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Acoustic Impact Studies of Wind Farms

GonzalezPrevention is Better than Cure
There is still disagreement around the world about the prediction of sound pressure levels due to the operation of large wind turbines. There are different points of view not only about the prediction methods but also about how to build the baseline. The best guarantees for both wind farm operators and neighbours are achieved when the most exhaustive baseline studies are carried out. This article aims to present the main contents of an acoustic impact study for a projected wind farm.
 
By Alice Elizabeth González, Pablo Gianoli Kovar and Luciana Olazábal Barrios, Uruguay

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Life Extension of Main Shafts

Tecnalia Figure 1Autonomous Ultrasonic Condition Monitoring of Main Shafts
 
The wind sector context and situation in Spain favours the life extension of wind farms over repowering, so the search for new and innovative solutions for extending the operating life of wind turbines, while keeping the maintenance costs at acceptable levels, is the focus of many wind sector stakeholders. The embedding of autonomous and smart sensing technologies in wind turbine components is a current technological trend that allows the online condition monitoring of turbine structural integrity and the optimisation of operational life and maintenance costs. In this context, Tecnalia presents LEO, an autonomous ultrasonic monitoring system for main shafts, which has been validated in the field and is currently in operation in several wind turbines in Spain.
 
By Jokin Rubio Botía and Nekane Galarza, Tecnalia Research & Innovation, Spain

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Using Polyester Resins in Rotor Blades

WE4CE fig 1A Cost Reduction Opportunity?
 
A case study performed within We4Ce shows a blade cost reduction opportunity for polyester resins in rotor blades. However, will this cost reduction for the blade also lead to a lower cost of energy?
 
By Edo Kuipers, Engineering Manager, We4Ce, The Netherlands

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Ice Throw Risk Assessments

Boku fig01Variables, Margins and Their Impact
 
The International Energy Agency’s Wind Technology Collaboration Programme Task 19 ‘International Recommendations for Ice Fall and Ice Throw Risk Assessments’, published in October 2018, gives a comprehensive overview of the necessary parts of a risk assessment and will hopefully form the basis for a future standard. Although it was obviously created with great care, the variables involved still leave considerable leeway for the results.
 
By Markus Drapalik, Institute of Safety and Risk Sciences, University of Natural Resources and Life Sciences, Vienna

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Lifetime Monitoring in Turbine Towers

Woelfel Figure 1Load Monitoring and Lifetime Assessment of Wind Turbine Structures
 
A wind turbine is one of the industrial structures with the highest vibration loads within its lifetime. It has to withstand up to 250 million load cycles within approximately 20 years. The vibration loads of wind turbines vary considerably depending on the location and operational mode of the wind turbine. Even two wind turbines in the same wind farm may differ significantly in their vibration loads. In the design phase, these loads can only roughly be determined, leading to potential reserves of a turbine’s lifetime during operation. Therefore, the structural monitoring of turbine towers is an essential part of controlling the lifetime of a wind turbine. In current operations on-site, the use of the retrofit solution SHM.Tower reveals that considerable reserves exist, allowing lifetime extension of turbine towers. Furthermore, lifetime-driven operation of wind turbines can be realised by using SHM.Tower, which is energy self-sufficient.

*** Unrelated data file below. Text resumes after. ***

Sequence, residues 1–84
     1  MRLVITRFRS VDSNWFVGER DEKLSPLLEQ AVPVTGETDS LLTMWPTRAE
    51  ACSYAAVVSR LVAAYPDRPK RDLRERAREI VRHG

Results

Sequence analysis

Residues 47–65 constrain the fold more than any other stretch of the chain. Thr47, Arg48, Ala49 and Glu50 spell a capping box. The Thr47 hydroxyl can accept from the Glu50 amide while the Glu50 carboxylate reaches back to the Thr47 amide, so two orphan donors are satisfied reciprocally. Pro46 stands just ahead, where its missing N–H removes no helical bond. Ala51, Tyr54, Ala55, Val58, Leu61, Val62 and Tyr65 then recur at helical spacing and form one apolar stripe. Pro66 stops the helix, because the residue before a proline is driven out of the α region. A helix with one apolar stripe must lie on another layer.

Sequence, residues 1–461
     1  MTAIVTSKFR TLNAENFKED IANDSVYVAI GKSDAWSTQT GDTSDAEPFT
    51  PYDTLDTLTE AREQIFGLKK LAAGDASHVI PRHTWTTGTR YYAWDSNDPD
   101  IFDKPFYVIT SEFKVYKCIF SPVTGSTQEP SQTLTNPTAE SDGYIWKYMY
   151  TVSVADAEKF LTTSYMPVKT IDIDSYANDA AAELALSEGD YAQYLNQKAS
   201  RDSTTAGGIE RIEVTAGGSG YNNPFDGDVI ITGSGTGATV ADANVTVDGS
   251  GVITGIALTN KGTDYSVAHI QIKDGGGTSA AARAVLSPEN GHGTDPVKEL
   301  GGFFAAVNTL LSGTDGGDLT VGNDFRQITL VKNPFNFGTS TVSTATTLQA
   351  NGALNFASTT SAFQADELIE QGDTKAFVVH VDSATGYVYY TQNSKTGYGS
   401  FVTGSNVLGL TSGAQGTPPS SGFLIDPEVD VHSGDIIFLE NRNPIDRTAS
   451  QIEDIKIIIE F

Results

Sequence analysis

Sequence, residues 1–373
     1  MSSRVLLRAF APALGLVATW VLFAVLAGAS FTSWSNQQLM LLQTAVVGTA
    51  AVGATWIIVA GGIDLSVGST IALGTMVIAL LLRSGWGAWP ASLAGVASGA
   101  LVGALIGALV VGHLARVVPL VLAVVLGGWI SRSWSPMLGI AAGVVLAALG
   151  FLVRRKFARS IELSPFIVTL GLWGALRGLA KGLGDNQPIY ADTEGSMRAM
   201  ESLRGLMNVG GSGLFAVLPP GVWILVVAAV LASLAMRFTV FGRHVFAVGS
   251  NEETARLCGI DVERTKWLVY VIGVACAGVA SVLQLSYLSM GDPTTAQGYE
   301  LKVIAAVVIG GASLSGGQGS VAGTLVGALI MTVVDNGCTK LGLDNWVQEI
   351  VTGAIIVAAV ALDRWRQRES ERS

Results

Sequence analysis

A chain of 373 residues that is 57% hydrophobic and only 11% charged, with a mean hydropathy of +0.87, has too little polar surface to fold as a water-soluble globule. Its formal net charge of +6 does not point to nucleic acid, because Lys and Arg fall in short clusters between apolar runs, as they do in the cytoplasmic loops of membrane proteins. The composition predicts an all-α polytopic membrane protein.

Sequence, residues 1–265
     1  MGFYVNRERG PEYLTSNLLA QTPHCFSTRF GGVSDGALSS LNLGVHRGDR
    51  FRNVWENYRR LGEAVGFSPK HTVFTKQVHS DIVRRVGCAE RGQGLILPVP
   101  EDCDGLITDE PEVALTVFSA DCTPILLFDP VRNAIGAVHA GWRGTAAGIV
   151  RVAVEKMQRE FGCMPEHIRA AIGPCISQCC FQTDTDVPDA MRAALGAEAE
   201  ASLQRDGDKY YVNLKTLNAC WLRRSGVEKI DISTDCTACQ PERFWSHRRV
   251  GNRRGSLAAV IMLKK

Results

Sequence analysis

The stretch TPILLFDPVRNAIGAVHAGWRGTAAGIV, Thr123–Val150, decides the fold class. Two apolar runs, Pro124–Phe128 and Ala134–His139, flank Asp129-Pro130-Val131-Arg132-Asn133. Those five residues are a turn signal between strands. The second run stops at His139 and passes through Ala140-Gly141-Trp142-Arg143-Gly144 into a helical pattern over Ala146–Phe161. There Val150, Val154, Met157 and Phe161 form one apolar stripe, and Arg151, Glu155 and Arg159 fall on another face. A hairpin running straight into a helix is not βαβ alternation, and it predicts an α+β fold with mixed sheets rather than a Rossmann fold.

By Dr.-Ing. Carsten Ebert, Dr.-Ing. Manuel Eckstein, Dr.-Ing. Georg C Enss and Dipl.-Ing. Bernd Wölfel, Wölfel Wind Systems, Germany

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Reaching Higher Hub Heights With the Hybrid Tower

Max Bogl fig 1Combining Precast Concrete Parts and Steel Elements
Wind turbine performance is constantly improving. With this trend comes ever higher hub heights – a development that will also continue in the coming years. As turbine performance increases, political and economic demands regarding the profitability of wind turbines are likewise increasing. Turbines with capacities above 4MW will become the norm even for onshore sites. To effectively meet these challenges, innovative solutions from manufacturers are needed. Tower concepts such as the hybrid tower, which combines precast concrete parts and steel elements, are opening up new technical possibilities.
 
By Jürgen Joos, Chief Financial Officer, Max Bögl Wind, Germany

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Dynamic Cables for Floating Offshore Wind

ORE fig 1 newInvestigating the Impacts of Dynamic Mechanical Stresses on Fatigue Life of Dynamic Cables
Floating platform wind turbines will require cables to run through the water column from their platform base at the water surface to the touchdown point on the seabed. This trajectory exposes the cable to dynamic environmental forces, such as waves and currents. The Offshore Renewable Energy Catapult (ORE Catapult) and the Industrial Doctoral Centre for Offshore Renewable Energy (IDCORE) have been investigating the impact of this dynamic marine environment on a dynamic cable’s fatigue life, with the aim of reducing uncertainty and improving the reliability of dynamic cables. The aim of this project is to allow more effective planned maintenance offshore through the prediction of a failure of a dynamic cable.
 
By David Young, IDCORE and ORE Catapult, and Lars Johanning, University of Exeter, UK

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